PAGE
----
cover image The Crisis of Democratic Capitalism

The Crisis of Democratic Capitalism

Martin Wolf. Penguin Press, $30 (496p) ISBN 978-0-7352-2421-6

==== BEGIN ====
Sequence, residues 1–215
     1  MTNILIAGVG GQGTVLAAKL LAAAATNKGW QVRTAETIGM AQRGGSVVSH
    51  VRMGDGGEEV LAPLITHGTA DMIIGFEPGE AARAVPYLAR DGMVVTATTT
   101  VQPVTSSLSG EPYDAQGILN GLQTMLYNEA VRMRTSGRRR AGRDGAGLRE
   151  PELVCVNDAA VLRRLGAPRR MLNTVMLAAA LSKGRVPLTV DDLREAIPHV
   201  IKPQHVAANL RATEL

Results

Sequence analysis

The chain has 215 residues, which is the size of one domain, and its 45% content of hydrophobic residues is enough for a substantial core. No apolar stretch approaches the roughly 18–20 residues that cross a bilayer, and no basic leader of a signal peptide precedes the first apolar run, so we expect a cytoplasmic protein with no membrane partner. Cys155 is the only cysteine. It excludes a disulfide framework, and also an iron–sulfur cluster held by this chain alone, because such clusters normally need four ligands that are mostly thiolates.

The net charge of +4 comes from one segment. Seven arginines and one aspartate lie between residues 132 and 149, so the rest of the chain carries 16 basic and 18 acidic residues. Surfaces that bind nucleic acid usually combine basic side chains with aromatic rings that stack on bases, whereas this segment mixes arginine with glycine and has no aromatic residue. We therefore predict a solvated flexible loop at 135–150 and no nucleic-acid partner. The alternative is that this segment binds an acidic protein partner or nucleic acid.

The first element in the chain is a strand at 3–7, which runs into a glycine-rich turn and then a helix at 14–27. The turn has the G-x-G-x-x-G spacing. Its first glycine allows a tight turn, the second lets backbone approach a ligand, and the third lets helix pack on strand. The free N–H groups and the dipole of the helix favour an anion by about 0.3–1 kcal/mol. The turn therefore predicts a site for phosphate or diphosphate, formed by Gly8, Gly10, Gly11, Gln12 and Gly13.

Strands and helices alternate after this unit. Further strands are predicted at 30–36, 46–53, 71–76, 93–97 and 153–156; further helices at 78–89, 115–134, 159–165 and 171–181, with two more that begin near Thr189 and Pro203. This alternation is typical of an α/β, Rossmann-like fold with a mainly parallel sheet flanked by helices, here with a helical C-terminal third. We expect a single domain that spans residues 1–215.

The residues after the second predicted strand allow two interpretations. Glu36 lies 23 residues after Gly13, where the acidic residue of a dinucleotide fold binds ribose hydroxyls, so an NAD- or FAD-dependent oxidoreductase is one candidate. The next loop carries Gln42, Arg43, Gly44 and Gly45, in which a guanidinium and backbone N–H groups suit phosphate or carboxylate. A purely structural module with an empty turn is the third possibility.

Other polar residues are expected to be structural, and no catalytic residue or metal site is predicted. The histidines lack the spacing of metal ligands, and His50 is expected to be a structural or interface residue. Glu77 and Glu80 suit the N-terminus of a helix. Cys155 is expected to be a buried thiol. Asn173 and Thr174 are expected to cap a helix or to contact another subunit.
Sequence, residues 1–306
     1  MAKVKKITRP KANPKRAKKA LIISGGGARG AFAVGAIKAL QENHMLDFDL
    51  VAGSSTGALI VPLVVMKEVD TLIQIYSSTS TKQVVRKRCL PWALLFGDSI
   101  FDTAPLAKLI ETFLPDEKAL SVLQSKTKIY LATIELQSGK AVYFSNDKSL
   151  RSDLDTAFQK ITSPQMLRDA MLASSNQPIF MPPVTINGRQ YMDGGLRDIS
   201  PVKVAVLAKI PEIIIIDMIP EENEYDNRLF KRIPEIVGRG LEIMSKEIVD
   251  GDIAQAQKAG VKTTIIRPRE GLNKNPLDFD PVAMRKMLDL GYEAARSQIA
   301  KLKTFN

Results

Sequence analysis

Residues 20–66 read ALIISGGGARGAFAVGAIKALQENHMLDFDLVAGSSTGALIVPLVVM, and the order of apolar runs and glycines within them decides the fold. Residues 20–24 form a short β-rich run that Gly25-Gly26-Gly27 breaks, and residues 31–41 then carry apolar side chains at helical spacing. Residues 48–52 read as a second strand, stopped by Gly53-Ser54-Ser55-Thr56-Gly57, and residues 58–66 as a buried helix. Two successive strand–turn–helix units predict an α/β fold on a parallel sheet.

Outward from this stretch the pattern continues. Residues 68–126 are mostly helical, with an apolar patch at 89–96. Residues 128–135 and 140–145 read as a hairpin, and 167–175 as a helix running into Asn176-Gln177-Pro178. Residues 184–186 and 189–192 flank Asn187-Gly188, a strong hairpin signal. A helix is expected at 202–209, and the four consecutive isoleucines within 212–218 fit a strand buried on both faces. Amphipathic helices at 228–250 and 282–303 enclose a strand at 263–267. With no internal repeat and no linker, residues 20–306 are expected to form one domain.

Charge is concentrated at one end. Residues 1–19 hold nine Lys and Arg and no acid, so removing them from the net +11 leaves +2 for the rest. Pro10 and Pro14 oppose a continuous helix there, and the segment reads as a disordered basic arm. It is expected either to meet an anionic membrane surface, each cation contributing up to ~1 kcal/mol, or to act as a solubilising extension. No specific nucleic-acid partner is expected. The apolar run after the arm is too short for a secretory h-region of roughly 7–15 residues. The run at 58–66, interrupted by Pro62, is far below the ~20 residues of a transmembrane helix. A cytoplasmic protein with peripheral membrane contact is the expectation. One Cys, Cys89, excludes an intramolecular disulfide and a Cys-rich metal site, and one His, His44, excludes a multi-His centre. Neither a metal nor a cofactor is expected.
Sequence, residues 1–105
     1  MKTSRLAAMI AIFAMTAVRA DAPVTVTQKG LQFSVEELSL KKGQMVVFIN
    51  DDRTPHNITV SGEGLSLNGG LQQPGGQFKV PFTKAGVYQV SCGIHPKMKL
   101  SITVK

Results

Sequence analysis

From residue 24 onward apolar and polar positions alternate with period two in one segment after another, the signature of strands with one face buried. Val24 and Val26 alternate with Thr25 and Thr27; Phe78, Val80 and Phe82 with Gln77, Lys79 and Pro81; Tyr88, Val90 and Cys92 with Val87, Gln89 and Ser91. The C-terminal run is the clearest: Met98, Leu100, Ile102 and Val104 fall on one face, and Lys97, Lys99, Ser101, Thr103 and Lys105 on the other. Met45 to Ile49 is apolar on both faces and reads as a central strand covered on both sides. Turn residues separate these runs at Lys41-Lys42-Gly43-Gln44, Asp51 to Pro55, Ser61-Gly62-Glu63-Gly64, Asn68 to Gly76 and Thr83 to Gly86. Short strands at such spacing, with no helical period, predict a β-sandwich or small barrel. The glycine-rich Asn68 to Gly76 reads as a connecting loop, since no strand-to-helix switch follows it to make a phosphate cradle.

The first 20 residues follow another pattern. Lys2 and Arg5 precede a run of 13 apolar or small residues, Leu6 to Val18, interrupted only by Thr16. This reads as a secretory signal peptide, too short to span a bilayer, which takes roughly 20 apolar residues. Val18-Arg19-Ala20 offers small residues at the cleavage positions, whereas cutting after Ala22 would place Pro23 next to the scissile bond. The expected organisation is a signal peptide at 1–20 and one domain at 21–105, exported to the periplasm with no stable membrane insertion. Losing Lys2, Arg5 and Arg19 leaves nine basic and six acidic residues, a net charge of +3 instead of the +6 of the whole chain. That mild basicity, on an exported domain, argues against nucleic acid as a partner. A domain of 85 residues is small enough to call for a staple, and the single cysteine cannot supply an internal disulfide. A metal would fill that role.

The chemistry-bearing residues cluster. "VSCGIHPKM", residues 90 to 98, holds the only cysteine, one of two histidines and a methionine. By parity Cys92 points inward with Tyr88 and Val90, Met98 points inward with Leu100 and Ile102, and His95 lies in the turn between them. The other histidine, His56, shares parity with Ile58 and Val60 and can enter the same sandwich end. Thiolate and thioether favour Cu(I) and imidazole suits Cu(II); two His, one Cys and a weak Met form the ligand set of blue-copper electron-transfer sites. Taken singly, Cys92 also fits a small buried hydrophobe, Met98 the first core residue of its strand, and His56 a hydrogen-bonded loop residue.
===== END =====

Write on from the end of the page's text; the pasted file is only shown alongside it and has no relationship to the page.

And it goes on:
The alliance between democracy and free market capitalism is breaking down, thus opening the door to antidemocratic populism, according to this scattershot manifesto. Financial Times associate editor Wolf (The Shifts and the Shocks) surveys the growth of populist, xenophobic, and illiberal politics in the West, blaming these developments on upheavals of globalization, rising inequality, and economic insecurity, and a corrupt “rentier capitalism” rigged for corporate elites who focus on tax avoidance and inflating share prices instead of productive investment. Exploiting these stresses is a disingenuous right-wing “pluto-populism” that woos working-class voters abandoned by the “Brahmin Left,” which fixates on identity politics and challenging traditional values. Wolf’s analysis of political economy is often trenchant and packed with facts and figures that he distills into pithy prose. (“When frightened and insecure, humans go angrily tribal.”) He also discusses a grab bag of policy options for shoring up and reconciling democracy and capitalism, from strengthening welfare benefits and instituting a land tax to establishing time-limited “citizen juries,” chosen by lottery, to look into “specific contentious issues.” Elsewhere, Wolf’s diagnoses and solutions run counter to his calls for moderation, as when he compares the Republican Party’s obedience to Trump to the Nazis’ “Führerprinzip” and suggests banning anonymous commenting online. This mixed-bag zigzags between astute and overwrought. (Feb.)